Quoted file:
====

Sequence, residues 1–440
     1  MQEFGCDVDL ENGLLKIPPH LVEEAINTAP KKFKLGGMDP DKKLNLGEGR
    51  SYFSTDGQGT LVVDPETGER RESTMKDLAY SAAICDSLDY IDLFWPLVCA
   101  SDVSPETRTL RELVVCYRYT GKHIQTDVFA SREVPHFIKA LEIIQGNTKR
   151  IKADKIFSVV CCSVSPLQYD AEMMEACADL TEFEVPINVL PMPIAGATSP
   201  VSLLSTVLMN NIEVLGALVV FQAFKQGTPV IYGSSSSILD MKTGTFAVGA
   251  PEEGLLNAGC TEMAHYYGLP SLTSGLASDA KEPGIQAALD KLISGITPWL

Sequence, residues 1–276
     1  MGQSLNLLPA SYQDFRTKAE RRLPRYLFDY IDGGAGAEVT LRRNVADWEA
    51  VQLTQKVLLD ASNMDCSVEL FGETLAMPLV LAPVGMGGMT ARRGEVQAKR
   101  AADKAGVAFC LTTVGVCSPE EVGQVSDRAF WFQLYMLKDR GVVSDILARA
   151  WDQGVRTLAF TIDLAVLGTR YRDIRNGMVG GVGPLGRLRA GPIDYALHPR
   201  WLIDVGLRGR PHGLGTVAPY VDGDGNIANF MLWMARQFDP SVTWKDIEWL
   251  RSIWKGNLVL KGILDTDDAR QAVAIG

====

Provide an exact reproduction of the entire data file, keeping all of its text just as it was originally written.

Sequence, residues 1–440
     1  MQEFGCDVDL ENGLLKIPPH LVEEAINTAP KKFKLGGMDP DKKLNLGEGR
    51  SYFSTDGQGT LVVDPETGER RESTMKDLAY SAAICDSLDY IDLFWPLVCA
   101  SDVSPETRTL RELVVCYRYT GKHIQTDVFA SREVPHFIKA LEIIQGNTKR
   151  IKADKIFSVV CCSVSPLQYD AEMMEACADL TEFEVPINVL PMPIAGATSP
   201  VSLLSTVLMN NIEVLGALVV FQAFKQGTPV IYGSSSSILD MKTGTFAVGA
   251  PEEGLLNAGC TEMAHYYGLP SLTSGLASDA KEPGIQAALD KLISGITPWL

Sequence, residues 1–276
     1  MGQSLNLLPA SYQDFRTKAE RRLPRYLFDY IDGGAGAEVT LRRNVADWEA
    51  VQLTQKVLLD ASNMDCSVEL FGETLAMPLV LAPVGMGGMT ARRGEVQAKR
   101  AADKAGVAFC LTTVGVCSPE EVGQVSDRAF WFQLYMLKDR GVVSDILARA
   151  WDQGVRTLAF TIDLAVLGTR YRDIRNGMVG GVGPLGRLRA GPIDYALHPR
   201  WLIDVGLRGR PHGLGTVAPY VDGDGNIANF MLWMARQFDP SVTWKDIEWL
   251  RSIWKGNLVL KGILDTDDAR QAVAIG